Leaping from rivers and lakes like aquatic projectiles and ravaging the food base of native fish, Asian carp are loathed by outdoors enthusiasts and state wildlife officials alike for being not just a nuisance, but a threat to boating and fishing industries worth $2.9 billion and $2.1 billion, respectively, in Tennessee. Enter Joe Gillas. He sees the invasive fish as an opportunity. Gillas’ company, Riverine Fisheries International, plans to moor a factory fishing vessel at the Port of Cates Landing, located on the Mississippi River near Tiptonville, Tennessee, about 100 miles north of Memphis. The nearly 350-foot-long boat would process Asian carp caught in the Mississippi and other rivers and lakes into food products to be exported to some 20 countries, including China and Russia. “I think there’s a good business model here,” said Gillas, 53, who was born and raised in Alaska and has fished all over the world. “I think we can do something good and make money at the same time.” Read the story here 08:35Imported and invasive carp have threatened havoc in ecosystems across the country, and provided fodder of numerous funny fishing videos. I expect if this fishery is a success, the government will come in and regulate the crap out of it to prevent it from depleting the numbers of the carp.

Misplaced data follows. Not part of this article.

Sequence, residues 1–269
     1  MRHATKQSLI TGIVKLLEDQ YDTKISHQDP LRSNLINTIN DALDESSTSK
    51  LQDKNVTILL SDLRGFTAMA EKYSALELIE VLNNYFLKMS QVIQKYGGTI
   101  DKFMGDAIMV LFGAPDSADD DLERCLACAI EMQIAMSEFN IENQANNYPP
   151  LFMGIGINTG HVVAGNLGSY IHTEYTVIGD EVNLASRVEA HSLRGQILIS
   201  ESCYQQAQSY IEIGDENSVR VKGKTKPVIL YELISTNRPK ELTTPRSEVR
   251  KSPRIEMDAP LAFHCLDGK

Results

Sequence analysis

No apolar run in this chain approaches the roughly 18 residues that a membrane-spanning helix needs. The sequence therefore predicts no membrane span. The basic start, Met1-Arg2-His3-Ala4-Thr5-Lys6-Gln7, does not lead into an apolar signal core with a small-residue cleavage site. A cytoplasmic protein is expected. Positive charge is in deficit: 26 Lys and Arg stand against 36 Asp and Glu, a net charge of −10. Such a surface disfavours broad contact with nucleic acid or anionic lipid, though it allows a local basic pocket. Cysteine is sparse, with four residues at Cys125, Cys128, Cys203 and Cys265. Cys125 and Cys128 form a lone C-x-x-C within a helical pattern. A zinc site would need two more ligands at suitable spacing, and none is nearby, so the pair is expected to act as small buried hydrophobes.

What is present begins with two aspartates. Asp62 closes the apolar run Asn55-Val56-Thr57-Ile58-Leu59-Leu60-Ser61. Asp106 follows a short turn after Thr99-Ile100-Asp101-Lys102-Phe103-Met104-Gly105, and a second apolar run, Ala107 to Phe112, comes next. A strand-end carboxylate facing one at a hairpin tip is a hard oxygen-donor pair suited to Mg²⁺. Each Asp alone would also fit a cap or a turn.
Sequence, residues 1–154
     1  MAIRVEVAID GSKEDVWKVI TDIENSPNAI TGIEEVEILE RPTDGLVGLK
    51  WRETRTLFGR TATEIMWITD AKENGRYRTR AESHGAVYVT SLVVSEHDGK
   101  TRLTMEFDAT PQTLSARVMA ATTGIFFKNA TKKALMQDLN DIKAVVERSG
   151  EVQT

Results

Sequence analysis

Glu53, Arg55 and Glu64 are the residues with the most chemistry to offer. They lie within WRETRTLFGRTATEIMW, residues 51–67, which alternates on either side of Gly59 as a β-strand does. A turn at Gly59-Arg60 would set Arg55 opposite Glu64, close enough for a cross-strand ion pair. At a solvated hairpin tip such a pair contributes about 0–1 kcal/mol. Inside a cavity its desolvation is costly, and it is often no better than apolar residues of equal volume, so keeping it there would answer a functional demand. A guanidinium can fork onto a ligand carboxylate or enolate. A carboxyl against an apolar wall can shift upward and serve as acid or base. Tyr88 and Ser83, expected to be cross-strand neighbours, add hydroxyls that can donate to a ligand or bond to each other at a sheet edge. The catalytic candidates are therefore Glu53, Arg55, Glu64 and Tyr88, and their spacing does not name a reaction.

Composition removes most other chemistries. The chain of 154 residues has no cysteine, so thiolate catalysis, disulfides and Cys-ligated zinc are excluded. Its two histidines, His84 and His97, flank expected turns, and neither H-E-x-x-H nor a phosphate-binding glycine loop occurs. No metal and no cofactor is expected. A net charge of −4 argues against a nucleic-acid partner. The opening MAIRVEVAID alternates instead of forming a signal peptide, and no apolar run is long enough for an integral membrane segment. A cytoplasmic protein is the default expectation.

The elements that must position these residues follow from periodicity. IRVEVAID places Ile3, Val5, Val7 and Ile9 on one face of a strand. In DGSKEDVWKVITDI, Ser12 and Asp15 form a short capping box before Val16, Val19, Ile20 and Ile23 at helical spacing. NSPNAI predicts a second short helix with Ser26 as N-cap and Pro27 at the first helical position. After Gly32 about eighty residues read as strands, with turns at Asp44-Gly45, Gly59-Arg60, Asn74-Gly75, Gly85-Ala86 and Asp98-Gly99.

Saturday, December 31, 2016
Free Enterprise Finds the Answer to the Silver Carp Problem
Sell them back to the Chinese, where they came from: Floating factory vessel to process Invasive Asian Carp in Tennessee